“…the countries of the southern part of Africa in particular are increasingly arguing that they should be allowed to trade freely in ivory from the stocks they already hold so that they can raise the finances they urgently need for nature conservancy measures. Unfortunately, this method of generating income would not be without its problems: If free trade is permitted, it would become increasingly difficult to differentiate between legal and illegal ivory at the point of sale and the legalized trade could be used as a cover for ivory smuggling and poaching. Isotope maps provide an effective way of resolving this dilemma.”
From: “Reference database to identify origin of elephant ivory.” ScienceDaily 26 November 2010. 29 November 2010 <http://www.sciencedaily.com /releases/2010/11/101126094538.htm>
I’ll be giving a lecture on ivory and elephants and doing a booksigning at the Brookfield Zoo this coming Tuesday evening as part of their Fall Lecture Series:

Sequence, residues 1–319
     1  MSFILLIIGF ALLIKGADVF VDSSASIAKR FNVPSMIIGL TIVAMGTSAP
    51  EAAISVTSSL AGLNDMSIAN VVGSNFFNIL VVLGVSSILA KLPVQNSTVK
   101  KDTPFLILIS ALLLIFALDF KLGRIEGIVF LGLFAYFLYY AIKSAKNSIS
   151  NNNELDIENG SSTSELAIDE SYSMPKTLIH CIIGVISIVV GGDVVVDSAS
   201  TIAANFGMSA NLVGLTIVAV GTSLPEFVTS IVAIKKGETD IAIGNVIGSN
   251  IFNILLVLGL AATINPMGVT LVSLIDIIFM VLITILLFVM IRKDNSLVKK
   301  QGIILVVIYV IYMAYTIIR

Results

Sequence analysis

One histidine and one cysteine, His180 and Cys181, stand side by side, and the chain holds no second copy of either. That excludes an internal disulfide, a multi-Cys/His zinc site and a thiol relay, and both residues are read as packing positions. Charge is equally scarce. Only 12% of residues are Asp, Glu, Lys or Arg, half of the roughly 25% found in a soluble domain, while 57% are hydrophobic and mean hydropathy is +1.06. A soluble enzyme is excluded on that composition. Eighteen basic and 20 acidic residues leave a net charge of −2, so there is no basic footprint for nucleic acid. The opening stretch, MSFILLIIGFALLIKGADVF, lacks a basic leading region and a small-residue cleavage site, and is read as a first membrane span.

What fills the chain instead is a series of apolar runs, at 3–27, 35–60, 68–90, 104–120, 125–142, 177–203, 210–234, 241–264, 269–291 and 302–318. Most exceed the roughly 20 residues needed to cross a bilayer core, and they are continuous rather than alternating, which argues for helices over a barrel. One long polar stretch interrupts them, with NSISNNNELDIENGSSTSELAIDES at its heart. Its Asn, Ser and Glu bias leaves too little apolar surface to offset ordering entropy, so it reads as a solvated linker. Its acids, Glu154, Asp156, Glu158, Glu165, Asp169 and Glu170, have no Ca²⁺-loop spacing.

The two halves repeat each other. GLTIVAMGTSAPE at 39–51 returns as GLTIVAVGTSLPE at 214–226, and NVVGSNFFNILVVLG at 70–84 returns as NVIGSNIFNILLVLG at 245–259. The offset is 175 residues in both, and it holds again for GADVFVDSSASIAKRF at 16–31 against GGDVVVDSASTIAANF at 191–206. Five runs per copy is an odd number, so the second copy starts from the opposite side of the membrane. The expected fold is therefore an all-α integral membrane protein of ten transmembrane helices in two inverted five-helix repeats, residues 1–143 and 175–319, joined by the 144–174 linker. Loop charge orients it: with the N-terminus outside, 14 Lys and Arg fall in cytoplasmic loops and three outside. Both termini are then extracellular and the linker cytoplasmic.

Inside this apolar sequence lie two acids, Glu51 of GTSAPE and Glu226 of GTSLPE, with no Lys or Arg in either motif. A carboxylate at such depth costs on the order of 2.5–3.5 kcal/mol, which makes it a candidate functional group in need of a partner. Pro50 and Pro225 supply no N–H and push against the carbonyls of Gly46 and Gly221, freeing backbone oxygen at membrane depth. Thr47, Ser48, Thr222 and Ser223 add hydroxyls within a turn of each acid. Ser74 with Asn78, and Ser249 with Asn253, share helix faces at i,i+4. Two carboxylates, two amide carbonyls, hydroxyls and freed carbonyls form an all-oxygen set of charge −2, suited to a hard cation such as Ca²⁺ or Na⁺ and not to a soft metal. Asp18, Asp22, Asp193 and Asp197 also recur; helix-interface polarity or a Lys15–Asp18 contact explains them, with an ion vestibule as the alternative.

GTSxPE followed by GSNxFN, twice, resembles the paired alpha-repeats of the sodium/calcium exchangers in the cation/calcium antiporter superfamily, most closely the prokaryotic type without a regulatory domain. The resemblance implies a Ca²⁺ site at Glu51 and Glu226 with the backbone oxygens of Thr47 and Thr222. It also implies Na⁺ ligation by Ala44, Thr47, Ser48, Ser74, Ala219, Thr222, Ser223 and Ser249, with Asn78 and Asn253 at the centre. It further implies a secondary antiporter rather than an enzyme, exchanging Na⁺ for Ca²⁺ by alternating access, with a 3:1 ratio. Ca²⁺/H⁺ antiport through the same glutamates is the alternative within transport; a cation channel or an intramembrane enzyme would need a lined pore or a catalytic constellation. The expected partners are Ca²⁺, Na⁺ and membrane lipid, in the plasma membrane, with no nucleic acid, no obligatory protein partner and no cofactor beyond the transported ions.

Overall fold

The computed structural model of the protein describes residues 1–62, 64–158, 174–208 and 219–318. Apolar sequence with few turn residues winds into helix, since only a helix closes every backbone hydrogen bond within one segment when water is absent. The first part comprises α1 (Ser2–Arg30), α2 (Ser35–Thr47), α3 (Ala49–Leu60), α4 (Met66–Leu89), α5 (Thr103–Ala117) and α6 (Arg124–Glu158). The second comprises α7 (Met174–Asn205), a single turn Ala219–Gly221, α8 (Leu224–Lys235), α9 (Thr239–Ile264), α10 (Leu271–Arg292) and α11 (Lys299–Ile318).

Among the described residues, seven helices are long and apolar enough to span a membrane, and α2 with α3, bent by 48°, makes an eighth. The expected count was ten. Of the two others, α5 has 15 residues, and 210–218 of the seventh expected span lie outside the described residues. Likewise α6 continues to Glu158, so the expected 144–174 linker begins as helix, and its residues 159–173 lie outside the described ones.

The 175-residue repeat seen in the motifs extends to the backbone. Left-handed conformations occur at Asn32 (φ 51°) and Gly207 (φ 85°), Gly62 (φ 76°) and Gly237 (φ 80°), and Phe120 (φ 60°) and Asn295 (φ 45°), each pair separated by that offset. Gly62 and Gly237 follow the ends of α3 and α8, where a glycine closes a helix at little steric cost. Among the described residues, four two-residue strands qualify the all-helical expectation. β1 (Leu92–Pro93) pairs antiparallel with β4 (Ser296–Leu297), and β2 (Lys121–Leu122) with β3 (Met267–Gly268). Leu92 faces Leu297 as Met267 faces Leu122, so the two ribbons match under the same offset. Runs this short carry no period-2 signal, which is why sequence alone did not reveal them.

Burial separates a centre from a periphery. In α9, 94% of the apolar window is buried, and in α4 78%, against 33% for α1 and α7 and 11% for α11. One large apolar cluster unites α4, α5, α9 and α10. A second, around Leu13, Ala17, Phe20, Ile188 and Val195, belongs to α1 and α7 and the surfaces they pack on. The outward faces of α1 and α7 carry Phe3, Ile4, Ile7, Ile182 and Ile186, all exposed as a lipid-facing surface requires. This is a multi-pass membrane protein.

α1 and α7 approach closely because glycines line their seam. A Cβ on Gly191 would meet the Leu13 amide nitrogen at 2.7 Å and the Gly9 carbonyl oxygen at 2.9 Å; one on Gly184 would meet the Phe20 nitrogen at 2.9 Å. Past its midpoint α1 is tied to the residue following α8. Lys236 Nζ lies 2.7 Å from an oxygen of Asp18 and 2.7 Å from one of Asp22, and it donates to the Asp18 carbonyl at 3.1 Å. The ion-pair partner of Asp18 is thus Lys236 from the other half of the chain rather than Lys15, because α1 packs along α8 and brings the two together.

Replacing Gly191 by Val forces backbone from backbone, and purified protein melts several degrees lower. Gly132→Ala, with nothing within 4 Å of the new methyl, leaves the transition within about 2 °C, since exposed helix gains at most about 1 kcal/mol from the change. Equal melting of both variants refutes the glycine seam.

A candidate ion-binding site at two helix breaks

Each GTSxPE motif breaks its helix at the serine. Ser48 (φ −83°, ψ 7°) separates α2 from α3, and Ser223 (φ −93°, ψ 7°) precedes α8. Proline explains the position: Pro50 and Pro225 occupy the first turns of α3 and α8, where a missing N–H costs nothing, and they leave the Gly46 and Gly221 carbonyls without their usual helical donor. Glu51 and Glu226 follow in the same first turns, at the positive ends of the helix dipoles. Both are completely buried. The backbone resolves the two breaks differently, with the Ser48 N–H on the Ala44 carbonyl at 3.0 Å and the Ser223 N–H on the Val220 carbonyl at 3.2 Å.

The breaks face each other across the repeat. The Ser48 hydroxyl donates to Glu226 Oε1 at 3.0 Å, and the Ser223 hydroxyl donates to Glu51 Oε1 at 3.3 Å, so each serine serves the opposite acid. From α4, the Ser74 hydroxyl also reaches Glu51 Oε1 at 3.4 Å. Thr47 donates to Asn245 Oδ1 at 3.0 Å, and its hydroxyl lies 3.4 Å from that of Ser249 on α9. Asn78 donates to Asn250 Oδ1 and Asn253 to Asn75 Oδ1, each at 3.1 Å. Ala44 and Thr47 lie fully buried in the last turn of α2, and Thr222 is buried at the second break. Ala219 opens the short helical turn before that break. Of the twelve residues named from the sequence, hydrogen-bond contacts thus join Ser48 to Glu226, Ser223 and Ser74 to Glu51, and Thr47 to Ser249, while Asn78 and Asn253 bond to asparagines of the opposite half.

John Frederick Walker
Tuesday, September 21
“Author Walker spent five years researching the story of ivory’s enormous impact on its most important source–African elephants–and on human history. Today, the question of what to do with growing stockpiles of legitimate ivory from elephants that die of natural causes is at the heart of an ongoing international debate. Join Walker for an exploration of “white gold”–and the future of elephants.”
The lecture begins at 7:30 p.m. in Brookfield Zoo’s Discovery Center.
For more information, please visit
In advance of the 2010 CITES meeting, Samuel Wasser and a number of other prominent elephant researchers published a much-discussed Policy Forum piece (“Elephants, ivory, and trade”) in the March 12 issue of SCIENCE, reproduced on the Save the Elephants site (click here.)